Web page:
“GHOST IN THE SHELL” (Rated PG-13)  By Tim Riley  

 If you accept Scarlett Johannson as a Japanese cyborg, then there’s a good chance that the relevance of “Ghost in the Shell,” derived from its Japanese manga source material, in a post-racial world of artificial intelligence is not constrained by any contemporary preconceptions.

 On the other hand, it may be a debatable point as to whether a Nordic beauty, altered as she may be as a robot with a human brain, should be the lead character in an Asian animated-inspired action film where the setting is unmistakably patterned after a futuristic Tokyo.But then, protests have already been lodged that not only Johannson but other non-Asian actors have been cast in leading roles in this science-fiction action picture.  The unsettled view is whether “Ghost in the Shell” merits serious discussion on this argument.

Does Scarlett Johannson bring authenticity as well as depth to the role of the cyborg Major that talented Asian actresses like Michelle Yeoh and Maggie Q could not? The answer might be in negative when you later realize that Major’s true identity is Motoko Kusanagi, and her Japanese mom is still alive and residing in a tenement.

 I don’t think it’s worth quibbling that much about a character’s ethnicity in a futuristic world that eerily resembles the post-apocalyptic vision of “Blade Runner” in which a dystopian Los Angeles could just as easily been a major metropolis on the Asian continent. Fans of the manga genre may find that “Ghost in the Shell” has the visually stunning appeal of the Japanese animation made popular with its roots in a science-fiction fantasy world that is now enhanced by the cautionary tale of technology run amok. Ostensibly saved from a terrible crash, Major’s brain was transplanted into the shell of a robot, thus becoming a cyber-enhanced perfect soldier enlisted by her handlers at the Hanka Corporation to hunt down the world’s most dangerous criminals.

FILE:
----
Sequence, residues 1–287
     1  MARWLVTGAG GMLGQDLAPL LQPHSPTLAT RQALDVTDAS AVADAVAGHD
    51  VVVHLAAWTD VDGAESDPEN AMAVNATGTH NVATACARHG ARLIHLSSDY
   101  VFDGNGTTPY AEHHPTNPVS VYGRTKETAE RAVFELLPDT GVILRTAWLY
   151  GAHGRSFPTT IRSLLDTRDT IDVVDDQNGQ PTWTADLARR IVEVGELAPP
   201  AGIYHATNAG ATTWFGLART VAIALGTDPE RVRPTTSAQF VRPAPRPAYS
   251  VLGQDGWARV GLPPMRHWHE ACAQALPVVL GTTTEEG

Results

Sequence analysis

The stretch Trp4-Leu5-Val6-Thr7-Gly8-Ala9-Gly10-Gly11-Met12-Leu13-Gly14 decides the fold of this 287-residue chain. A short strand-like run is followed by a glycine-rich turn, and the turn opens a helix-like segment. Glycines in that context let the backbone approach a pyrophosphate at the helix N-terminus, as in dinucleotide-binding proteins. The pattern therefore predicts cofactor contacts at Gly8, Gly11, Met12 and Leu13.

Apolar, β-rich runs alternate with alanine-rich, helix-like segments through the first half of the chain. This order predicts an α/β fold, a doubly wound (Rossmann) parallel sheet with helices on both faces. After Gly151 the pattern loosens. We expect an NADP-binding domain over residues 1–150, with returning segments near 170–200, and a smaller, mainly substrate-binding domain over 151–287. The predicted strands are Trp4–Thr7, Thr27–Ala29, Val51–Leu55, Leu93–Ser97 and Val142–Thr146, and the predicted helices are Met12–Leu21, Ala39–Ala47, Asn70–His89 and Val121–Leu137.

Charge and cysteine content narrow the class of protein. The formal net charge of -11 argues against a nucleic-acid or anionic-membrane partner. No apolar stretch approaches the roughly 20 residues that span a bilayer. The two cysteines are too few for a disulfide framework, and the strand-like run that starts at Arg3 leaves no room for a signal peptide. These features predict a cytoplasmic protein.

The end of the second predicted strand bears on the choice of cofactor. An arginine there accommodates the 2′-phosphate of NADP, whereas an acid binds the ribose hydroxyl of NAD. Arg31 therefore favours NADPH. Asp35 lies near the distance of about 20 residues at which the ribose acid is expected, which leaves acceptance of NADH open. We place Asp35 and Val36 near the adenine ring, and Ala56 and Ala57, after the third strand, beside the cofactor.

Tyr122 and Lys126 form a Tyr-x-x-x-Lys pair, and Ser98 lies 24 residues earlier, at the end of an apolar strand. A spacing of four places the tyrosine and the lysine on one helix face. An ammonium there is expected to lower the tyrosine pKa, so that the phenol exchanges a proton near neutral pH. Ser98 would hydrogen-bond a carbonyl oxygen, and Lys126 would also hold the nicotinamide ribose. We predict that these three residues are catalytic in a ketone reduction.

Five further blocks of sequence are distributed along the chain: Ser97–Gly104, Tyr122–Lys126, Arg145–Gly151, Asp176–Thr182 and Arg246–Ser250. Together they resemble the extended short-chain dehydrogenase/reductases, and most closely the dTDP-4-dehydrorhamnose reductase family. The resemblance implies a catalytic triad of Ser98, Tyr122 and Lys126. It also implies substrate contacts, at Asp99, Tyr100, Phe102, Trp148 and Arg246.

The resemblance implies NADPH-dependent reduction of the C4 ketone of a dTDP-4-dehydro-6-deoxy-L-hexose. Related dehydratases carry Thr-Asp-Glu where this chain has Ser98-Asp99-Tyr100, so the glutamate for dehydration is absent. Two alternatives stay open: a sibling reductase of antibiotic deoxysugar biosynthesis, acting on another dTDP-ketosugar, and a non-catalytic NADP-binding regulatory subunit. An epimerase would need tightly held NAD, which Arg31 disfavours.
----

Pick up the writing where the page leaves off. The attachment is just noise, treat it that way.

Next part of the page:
Teamed up with the physically buff Batou (Pilou Asbeck), Major is molded by Hanka scientist Dr. Ouelet (Juliette Binoche) to be the key enforcer in the Section 9 anti-terrorism unit charged with hunting down bad guys. The number one target is Kuze (Michael Carmen Pitt), the mastermind behind attacks on Hanka executives.  Oozing menace and rage, Kuze is the kind of villain who appears like he just escaped from a mental institution. In other words, he’s near perfect for the role. The most interesting thing about Kuze’s wickedness is that he hacks into the brainwaves of his victims to turn them into killing machines for his evil deeds.  Before too long, Major starts to figure that her own past has been distorted.

 “Ghost in the Shell” could tap into more cerebral thoughts about the misuse of technology and its dehumanizing power to corrupt individuals into thinking their actions are for the greater good. Alas, this science-fiction adventure is more about drawing upon the unique visual style of Japanese manga and running with the type of action set-pieces that are the staple of the genre.  The results may be fun to watch, but opportunities for more creativity were missed.

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